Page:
Originally Posted by Smokey Gus
So you're sayin' I should have cooked this brisket longer? That seems counter-intuitive because steaks get tougher the more well-done they get. Thanks for the tip on probing. I have a boat-load of sheesh kabob skewers, I am sure those will work just fine.
Yeah, it is counter-intuitive. It has to do with the difference in muscle fibers, fat/marbling and the connective tissue within the meat. Brisket is kind of like a pot roast in that it's best when taken far past traditional "well done". You have to get the internal temp up for some time in order to break down the connective tissues. This releases the juices trapped within and makes for a tender and juicy brisket.
Here's a pic of a brisket that was a tad bit undercooked as it's juicy, but was still tough and chewy.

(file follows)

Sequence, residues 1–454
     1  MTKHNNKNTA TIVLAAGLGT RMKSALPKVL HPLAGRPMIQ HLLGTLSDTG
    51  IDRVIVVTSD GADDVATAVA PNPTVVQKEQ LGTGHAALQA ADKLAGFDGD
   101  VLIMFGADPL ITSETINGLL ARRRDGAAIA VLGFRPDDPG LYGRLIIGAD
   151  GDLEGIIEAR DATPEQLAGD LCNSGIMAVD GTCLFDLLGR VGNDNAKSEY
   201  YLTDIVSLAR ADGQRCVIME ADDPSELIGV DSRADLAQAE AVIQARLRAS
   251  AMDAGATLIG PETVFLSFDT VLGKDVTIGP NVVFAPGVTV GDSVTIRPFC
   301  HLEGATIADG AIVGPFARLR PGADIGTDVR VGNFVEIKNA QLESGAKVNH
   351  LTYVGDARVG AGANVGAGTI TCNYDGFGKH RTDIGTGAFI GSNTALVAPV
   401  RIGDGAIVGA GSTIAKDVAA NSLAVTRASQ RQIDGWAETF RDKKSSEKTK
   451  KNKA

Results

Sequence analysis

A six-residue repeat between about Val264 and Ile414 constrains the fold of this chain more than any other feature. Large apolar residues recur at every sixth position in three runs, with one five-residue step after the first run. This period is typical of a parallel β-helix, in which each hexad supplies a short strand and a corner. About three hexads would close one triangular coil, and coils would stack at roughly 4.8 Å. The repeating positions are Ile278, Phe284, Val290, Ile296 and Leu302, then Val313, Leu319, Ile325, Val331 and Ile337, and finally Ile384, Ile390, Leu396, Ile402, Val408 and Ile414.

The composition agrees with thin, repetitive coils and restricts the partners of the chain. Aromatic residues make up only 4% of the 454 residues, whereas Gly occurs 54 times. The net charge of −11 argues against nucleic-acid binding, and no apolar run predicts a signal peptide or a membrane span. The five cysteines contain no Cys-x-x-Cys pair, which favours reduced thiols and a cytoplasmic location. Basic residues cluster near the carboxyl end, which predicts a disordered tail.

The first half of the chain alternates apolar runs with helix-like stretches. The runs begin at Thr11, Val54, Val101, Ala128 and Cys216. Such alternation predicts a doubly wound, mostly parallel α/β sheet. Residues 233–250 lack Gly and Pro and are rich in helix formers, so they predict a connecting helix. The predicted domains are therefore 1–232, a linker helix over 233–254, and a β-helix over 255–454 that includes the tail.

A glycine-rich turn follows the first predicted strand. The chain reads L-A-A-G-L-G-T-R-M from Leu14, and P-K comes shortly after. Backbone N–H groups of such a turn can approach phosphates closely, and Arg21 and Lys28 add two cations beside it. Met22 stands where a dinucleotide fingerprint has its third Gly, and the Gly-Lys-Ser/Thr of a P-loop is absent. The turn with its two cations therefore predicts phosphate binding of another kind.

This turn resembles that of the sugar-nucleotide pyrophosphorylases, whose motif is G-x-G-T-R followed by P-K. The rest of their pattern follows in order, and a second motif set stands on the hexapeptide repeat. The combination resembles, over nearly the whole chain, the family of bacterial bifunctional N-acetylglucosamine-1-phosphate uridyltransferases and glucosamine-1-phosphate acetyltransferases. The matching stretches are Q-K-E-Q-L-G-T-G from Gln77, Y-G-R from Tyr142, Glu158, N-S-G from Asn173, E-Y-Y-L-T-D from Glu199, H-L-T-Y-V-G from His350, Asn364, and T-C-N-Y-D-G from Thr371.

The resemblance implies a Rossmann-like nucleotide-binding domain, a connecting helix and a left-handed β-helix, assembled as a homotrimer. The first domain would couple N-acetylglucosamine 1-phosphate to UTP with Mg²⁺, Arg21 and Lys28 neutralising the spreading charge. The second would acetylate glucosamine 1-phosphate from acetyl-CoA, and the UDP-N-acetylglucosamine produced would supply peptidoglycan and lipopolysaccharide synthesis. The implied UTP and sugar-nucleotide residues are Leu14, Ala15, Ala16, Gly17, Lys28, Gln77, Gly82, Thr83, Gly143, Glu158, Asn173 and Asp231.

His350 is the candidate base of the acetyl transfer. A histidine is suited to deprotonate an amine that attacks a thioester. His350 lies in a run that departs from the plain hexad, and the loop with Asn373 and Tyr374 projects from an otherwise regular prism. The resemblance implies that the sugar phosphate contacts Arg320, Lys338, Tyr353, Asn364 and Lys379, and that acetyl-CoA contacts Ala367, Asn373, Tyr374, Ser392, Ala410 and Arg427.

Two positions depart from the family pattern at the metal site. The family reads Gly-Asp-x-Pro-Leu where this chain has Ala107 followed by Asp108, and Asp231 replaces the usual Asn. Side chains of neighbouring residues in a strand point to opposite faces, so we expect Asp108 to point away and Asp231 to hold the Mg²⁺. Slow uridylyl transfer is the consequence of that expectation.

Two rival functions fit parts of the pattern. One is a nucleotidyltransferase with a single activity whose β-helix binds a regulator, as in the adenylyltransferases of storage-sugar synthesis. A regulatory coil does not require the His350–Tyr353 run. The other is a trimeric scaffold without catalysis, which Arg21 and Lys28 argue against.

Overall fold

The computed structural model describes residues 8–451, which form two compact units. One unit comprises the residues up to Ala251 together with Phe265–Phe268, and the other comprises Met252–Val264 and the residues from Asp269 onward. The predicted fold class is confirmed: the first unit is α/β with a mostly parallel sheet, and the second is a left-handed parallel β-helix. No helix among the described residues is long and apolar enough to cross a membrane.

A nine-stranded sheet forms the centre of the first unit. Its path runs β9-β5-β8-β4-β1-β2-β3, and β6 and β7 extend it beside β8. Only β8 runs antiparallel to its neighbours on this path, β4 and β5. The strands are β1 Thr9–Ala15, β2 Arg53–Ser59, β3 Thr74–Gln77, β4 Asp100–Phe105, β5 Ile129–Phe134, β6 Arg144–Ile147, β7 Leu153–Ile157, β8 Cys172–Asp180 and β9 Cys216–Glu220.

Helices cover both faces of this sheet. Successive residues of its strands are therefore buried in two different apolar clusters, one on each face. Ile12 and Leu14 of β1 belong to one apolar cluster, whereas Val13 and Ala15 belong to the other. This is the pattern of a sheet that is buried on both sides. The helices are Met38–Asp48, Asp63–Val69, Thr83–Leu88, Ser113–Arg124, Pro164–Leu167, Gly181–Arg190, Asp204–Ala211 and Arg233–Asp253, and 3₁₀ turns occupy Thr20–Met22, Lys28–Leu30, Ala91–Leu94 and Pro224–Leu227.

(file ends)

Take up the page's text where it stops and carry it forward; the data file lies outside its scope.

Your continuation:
Click on it to magnify. See the lines at the tips of the arrows ? That's the connective tissue. You can see that it's still intact, which is why the brisket wasn't tender. If this brisket had cooked longer and/or been taken to a higher temp, those tissues would have broken down and rendered into more juices.
Compare the brisket slice above to the ones in this pic:
Notice how their aren't any opaque lines of connective tissue in these slices ? You can see how the pieces would just pull apart with the slightest tug ?
Edited by Demosthenes9 - 7/6/14 at 8:07pm